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Any Race With Tadej Pogacar In It Is A Race For Second

Slovenian Tadej Pogacar of UAE Team Emirates celebrates after winning the 86th edition of the men's race 'La Fleche Wallonne', a one day cycling race (Waalse Pijl - Walloon Arrow), 194,2 km from Herve to Huy, Wednesday 19 April 2023. BELGA PHOTO DIRK WAEM (Photo by DIRK WAEM / BELGA MAG / Belga via AFP) (Photo by DIRK WAEM/BELGA MAG/AFP via Getty Images)
Dirk Waem/Getty Images

Last weekend, some cycling fans were discussing who they thought would win this week's edition of La Fleche Wallonne, an always-entertaining Ardennes classic that finishes atop one of the most leg-busting climbs in the world: the Mur de Huy. The Mur (French for "wall") is such a steep, unforgiving climb that predicting who will win is something of a crapshoot, as it all comes down to who has the legs on race day. One fan suggested that two-time Tour de France champion Tadej Pogacar should race, though it was quickly clarified that Pogacar was not riding. At this point, Pogacar himself stepped in to embody the little purple devil guy emoji and ask, "ARE YOU SURE." Four days later, he smoked everyone on his way up the Mur and won La Fleche Wallonne in style.

All Pogacar has done this year is win. In the two stage races he's started in 2023, Pogacar has won six out of the 12 total individual stages, while taking home the overall and points classifications. After winning La Fleche Wallonne, Pogacar has now also won four out of the six one-day races he's taken part in. That tally includes a Monument win at the Tour of Flanders, back-to-back Ardennes wins at Amstel Gold this past weekend and La Fleche Wallonne on Wednesday, third place at E3 and fourth place at Milan-San Remo. Even if you don't count general classification wins in this calculation, and merely want to focus on stage-by-stage wins, Pogacar has won over half the races he's started this year. That's better than any full season Eddy Merckx put together. The only riders who can even hang with him are Mathieu van der Poel and Wout van Aert, and since neither of them are built for the hilly terrain of the Ardennes classics, this campaign belongs to Pogacar alone.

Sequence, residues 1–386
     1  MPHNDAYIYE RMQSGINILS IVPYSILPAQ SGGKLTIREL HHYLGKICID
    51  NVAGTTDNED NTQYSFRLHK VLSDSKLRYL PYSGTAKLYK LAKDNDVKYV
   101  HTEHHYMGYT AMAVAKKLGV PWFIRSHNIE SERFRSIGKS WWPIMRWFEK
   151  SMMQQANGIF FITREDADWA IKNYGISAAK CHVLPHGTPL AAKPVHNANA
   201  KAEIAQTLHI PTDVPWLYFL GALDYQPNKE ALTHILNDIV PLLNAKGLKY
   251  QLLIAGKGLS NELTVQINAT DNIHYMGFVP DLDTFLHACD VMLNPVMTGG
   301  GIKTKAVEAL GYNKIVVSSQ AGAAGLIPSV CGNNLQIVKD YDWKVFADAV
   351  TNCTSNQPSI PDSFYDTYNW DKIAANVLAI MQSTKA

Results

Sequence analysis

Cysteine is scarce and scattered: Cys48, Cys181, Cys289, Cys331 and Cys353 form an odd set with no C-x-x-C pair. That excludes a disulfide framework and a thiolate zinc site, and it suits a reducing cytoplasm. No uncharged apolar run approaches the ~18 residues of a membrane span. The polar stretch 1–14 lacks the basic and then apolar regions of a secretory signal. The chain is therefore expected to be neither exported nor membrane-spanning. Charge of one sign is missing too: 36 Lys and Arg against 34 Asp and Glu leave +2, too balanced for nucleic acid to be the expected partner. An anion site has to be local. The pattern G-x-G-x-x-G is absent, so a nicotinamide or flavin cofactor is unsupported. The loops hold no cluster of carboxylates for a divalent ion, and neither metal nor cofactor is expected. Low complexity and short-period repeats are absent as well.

Watch his body as he zips up the Mur. Romain Bardet, fighting to keep his bike moving forward by jerking his weight back and forth with each pedal stroke. Pogacar stays composed. Mattias Skjelmose jerks his torso forward and back as he kicks and settles. Pogacar stays on a straight line, until he drops the hammer, and rapidly ping-pongs back and forth. Mikel Landa keeps his bike on a line while his legs fly around. Pogacar looks back, lets up, and coasts across the line.

When he zoomed away from van der Poel on the Oude Kwaremont to win Flanders solo, it was the same thing. Gravity was absolutely working van der Poel, while Pogacar floated. It's a difficult thing, having style on a bike, but Pogacar pulls it off.

This stunning spring campaign comes one year after Pogacar's most famous loss. Looking like a certain bid to control the Tour de France after he won the sixth and seventh stages and seized the yellow jersey early, Pogacar truly cracked for the first time at the Tour, as Jonas Vingegaard left him smeared on the slopes of the Col du Granon Serre Chevalier like roadkill with a stunning series of attacks. Vingegaard took yellow into Paris, setting us up for an enticing 2023 Tour and leaving Pogacar in an unfamiliar place: second.

To call Pogacar's 2023 a comeback isn't correct, as he won three one-day races, including a Monument after the Tour last year. This is merely a continuation of the dominant form he's shown since he won the 2020 Tour de France with an all-timer of a time trial. The 2022 Tour was the blip, and dominating every race he's taken part in this year is only a difference in degree, not kind. Pogacar will get a crack at another Monument this Sunday when he lines up at Liege-Bastogne-Liege, and you'd be a fool to bet on anyone else. Whether he wins or loses that race (he'll win), it will wrap a spectacular classics campaign. Nobody is doing it like him on both the hills and on the cobbles, and once this is over, his next major race will be the Tour. I can't wait, and he'll have two months and change to keep listening to his preferred pump-up jam.

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